A Southern Baptist Convention spokesman suggested leaders are willing to discuss a proposal by a group that drew attention to sexual abuse by Catholic clergy to make the issue a higher priority in America’s largest Protestant, and second largest overall, denomination.
Religion News Service reported Friday that Kenyn Cureton, a spokesman for the SBC Executive Committee, said SBC leaders “fully agree” there should be more scrutiny of persons involved in ministry to children and youth. <?xml:namespace prefix = o ns = “urn:schemas-microsoft-com:office:office” />
Cureton said SBC leaders came to that conclusion “long before” representatives of The Survivors Network of those Abused by Priests (SNAP) wrote a Sept. 26 letter urging Southern Baptists to adopt a zero-tolerance policy toward sexual abuse by Baptist ministers.
Cureton said SBC leaders will continue to encourage background checks and other safeguards, but cautioned there may be an “apparent misunderstanding” about Southern Baptists’ structure.
“While we are sympathetic with SNAP’s efforts to stop sexual abuse in churches, we need time to vet the specific requests being made of the convention by their group even as we continue our dialogue with them,” he told RNS.
Christa Brown, who says a Southern Baptist youth minister was allowed to continue in ministry for decades after sexually abusing her as a teenager, questioned if Southern Baptists truly recognized the problem, why they haven’t acted more forcefully.
“Encouraging background checks is a weak and inadequate response to the problem,” she said in an e-mail interview with EthicsDaily.com. “Child sexual abuse is one of the most underreported of all crimes. According to an FBI bulletin, only 1 to 10 percent of child sexual assaults are ever reported. And only a small percentage of those ever make it to court. Suggesting that background checks will protect kids only lulls people into a false sense of safety.”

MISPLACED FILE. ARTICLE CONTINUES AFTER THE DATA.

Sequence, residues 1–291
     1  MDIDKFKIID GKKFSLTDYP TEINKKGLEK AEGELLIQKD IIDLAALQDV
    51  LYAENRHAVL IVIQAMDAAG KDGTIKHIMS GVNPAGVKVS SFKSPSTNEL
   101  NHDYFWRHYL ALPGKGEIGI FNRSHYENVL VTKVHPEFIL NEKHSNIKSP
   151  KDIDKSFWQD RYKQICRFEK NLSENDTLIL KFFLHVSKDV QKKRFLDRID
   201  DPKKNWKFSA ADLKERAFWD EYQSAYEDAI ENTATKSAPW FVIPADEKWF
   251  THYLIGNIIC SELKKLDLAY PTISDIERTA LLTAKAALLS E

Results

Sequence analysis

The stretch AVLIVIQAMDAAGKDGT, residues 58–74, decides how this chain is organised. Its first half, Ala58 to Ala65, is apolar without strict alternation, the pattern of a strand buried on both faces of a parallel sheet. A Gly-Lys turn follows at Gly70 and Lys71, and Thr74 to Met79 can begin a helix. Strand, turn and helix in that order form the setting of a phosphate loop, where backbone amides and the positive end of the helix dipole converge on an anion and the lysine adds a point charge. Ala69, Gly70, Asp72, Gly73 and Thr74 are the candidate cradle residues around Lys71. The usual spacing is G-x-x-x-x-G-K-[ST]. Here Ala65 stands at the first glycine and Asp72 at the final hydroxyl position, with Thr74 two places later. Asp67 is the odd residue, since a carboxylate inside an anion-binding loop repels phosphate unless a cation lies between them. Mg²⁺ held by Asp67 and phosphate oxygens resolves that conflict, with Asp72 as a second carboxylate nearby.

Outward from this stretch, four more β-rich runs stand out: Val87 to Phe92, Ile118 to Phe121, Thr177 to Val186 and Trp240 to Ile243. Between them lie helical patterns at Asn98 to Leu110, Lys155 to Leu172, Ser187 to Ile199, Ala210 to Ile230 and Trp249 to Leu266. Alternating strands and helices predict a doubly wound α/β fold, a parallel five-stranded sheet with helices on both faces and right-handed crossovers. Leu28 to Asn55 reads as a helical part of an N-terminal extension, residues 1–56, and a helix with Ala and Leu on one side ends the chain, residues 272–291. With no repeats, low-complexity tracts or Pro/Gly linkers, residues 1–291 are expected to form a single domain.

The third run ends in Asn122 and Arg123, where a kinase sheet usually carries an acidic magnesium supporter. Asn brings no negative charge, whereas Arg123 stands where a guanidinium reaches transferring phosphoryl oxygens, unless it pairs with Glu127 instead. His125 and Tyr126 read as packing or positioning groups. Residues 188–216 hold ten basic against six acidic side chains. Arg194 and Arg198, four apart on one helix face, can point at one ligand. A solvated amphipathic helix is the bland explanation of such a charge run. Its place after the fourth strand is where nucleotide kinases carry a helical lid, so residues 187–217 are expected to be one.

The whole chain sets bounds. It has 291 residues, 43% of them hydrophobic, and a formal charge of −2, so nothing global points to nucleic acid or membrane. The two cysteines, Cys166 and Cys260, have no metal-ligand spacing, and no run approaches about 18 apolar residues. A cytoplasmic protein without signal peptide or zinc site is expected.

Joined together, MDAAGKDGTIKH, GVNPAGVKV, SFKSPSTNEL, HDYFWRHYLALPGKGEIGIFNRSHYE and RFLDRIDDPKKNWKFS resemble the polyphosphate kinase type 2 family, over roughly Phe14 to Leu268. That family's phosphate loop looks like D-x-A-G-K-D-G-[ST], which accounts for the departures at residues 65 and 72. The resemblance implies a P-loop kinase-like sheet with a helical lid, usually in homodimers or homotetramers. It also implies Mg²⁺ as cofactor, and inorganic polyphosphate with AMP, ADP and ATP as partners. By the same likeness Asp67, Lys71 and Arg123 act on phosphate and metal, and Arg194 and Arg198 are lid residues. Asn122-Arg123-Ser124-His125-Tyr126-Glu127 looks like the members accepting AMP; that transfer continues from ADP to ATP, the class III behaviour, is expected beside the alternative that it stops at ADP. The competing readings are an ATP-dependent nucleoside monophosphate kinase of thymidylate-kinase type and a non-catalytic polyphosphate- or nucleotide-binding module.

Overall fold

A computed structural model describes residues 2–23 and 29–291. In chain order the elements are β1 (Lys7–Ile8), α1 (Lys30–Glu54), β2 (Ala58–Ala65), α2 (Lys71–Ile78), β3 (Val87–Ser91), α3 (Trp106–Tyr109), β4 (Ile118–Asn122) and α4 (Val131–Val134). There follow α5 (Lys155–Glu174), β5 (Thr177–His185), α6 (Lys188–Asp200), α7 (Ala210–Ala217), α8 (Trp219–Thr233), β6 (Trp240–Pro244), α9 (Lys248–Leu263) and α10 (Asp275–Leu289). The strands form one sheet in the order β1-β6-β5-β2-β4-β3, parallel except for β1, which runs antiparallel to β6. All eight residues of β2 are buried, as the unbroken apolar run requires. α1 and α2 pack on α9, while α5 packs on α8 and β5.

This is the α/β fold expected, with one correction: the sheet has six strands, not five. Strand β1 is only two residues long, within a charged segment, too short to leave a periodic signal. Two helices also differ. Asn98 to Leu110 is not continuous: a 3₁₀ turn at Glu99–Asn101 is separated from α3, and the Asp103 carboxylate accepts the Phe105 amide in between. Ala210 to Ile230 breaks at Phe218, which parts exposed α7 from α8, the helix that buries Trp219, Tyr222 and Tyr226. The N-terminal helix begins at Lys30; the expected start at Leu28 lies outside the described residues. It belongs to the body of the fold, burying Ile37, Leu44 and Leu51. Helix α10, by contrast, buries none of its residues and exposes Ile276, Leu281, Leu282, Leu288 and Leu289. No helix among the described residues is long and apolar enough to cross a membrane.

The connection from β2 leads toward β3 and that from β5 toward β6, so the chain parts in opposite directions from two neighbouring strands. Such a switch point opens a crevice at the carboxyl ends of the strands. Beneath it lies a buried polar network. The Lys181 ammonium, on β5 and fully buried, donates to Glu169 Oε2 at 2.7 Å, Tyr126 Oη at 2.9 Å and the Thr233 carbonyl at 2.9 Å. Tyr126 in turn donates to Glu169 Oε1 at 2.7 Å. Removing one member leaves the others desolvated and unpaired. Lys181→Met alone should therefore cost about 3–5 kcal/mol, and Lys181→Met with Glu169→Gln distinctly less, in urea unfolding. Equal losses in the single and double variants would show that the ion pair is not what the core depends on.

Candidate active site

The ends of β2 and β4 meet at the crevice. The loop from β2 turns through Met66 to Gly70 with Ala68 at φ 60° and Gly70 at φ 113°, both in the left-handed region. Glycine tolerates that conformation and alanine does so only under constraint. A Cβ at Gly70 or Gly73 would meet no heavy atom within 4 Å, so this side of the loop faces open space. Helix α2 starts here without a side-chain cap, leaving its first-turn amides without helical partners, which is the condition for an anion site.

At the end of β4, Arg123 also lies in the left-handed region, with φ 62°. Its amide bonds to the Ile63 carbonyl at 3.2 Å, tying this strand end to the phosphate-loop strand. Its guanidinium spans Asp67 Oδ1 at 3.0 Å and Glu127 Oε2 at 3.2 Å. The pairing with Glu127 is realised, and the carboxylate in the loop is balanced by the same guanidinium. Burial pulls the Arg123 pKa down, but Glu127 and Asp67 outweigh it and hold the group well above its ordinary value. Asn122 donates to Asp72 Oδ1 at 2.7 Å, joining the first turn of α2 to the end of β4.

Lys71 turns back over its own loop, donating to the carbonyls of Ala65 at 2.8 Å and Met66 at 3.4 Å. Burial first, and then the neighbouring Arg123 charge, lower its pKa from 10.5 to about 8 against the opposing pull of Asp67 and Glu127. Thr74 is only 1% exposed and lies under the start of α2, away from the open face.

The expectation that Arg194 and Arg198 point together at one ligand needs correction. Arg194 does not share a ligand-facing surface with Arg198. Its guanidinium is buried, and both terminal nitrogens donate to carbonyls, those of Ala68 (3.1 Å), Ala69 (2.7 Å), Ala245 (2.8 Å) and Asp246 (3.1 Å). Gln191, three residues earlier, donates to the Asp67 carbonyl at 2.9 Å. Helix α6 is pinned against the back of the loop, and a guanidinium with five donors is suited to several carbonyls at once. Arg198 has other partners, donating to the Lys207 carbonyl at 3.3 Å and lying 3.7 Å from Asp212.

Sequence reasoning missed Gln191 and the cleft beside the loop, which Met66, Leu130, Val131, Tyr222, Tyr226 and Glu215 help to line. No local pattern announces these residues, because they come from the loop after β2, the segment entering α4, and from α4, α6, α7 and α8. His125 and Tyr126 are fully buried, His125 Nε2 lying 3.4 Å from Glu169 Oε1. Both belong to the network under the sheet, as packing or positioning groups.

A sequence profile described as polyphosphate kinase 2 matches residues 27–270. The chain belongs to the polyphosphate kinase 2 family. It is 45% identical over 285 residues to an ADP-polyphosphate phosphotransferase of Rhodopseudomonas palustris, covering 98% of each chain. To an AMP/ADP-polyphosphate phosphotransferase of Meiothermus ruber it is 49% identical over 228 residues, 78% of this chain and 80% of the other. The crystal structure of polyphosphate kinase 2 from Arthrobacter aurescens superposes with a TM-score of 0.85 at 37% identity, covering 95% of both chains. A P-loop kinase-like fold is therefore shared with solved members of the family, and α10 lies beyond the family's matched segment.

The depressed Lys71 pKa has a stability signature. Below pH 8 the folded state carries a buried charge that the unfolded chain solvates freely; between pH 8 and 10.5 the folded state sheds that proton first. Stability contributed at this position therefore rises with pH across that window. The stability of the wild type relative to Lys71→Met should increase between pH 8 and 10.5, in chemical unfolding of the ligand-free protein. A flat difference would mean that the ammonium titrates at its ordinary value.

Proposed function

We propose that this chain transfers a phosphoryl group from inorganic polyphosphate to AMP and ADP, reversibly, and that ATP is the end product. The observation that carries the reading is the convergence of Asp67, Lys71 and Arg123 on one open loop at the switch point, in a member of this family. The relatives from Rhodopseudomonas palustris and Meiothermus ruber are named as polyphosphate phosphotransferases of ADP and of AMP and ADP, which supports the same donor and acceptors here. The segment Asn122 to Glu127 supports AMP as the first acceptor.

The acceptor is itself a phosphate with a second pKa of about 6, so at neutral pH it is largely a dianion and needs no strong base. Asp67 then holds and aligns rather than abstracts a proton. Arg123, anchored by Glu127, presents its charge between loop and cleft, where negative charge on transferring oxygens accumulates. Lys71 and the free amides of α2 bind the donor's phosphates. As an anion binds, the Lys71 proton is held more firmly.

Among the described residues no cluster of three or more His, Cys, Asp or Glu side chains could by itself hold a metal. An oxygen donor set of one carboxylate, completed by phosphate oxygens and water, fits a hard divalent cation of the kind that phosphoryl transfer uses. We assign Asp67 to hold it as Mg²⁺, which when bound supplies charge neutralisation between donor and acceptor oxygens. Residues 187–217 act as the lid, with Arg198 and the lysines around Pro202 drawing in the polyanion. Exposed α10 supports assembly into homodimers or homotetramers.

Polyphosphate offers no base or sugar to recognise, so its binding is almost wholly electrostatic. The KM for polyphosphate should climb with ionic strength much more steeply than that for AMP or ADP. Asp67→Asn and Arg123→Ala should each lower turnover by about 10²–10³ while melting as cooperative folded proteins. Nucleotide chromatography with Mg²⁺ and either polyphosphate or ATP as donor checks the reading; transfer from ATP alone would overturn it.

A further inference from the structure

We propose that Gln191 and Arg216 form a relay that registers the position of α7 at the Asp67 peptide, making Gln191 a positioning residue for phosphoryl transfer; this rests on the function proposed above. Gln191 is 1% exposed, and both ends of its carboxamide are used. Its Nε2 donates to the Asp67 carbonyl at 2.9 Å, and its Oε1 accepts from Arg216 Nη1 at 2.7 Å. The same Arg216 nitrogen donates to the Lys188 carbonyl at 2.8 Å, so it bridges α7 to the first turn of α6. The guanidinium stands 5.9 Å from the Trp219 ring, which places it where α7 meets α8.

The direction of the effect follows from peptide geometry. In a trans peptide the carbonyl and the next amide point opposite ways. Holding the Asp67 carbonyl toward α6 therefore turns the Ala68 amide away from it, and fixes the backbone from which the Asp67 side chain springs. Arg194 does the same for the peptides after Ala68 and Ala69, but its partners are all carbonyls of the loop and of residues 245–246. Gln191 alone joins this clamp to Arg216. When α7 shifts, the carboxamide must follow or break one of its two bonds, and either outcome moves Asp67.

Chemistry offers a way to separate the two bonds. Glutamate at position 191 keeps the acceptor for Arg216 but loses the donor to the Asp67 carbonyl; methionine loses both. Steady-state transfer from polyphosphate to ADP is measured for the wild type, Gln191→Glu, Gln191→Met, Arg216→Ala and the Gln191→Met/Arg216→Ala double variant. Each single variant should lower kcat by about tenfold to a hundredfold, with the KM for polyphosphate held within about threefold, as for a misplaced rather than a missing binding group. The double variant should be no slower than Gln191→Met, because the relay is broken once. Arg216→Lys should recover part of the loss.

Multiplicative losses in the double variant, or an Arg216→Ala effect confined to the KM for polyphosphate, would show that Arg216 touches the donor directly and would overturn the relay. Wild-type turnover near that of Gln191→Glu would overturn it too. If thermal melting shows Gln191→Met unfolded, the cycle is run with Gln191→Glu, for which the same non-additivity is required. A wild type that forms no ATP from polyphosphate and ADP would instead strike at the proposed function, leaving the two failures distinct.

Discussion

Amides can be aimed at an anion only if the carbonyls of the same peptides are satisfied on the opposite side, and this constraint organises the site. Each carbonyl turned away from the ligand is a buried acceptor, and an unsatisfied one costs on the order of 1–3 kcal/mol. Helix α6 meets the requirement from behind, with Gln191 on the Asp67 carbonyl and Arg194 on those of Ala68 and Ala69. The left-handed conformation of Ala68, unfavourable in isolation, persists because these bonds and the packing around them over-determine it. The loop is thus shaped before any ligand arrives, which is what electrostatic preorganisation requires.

David Clohessy of <?xml:namespace prefix = st1 ns = “urn:schemas-microsoft-com:office:smarttags” />St. Louis, SNAP national director, called it a “bit patronizing” for Cureton to speculate about “misunderstanding” of how Southern Baptists are structured.
“The bottom line is that ‘where there’s a will, there’s a way,” he said. “If church officials genuinely want to do more to protect the vulnerable and heal the wounded, they’re resourceful enough to make that happen.”
Clohessy said for years SNAP prodded Catholic bishops to develop a national approach to dealing with clergy sex crimes and cover ups.
“For years, we were told ‘Each diocese is independent,'” he said. “Finally, when the dam broke and their complicity was exposed, bishops did a complete turnaround, and suddenly decided to adopt a national policy on sexual abuse.
“It would be tragic if the Southern Baptist Convention took similar action only in response to public pressure and horrific scandal.”
Three representatives of SNAP did not meet with SBC officials when they hand-delivered copies of their letter at SBC headquarters in Nashville, Tenn., to Morris Chapman, president of the Executive Committee, and Richard Land of the SBC Ethics & Religious Liberty Commission.
They also mailed it to SBC president Frank Page, pastor of First Baptist Church of Taylors, S.C. EthicsDaily.com e-mailed Page for comment. A staff member said he was traveling, but she should forward him the message. He did not respond in time for this story’s deadline.
Bob Allen is managing editor of EthicsDaily.com.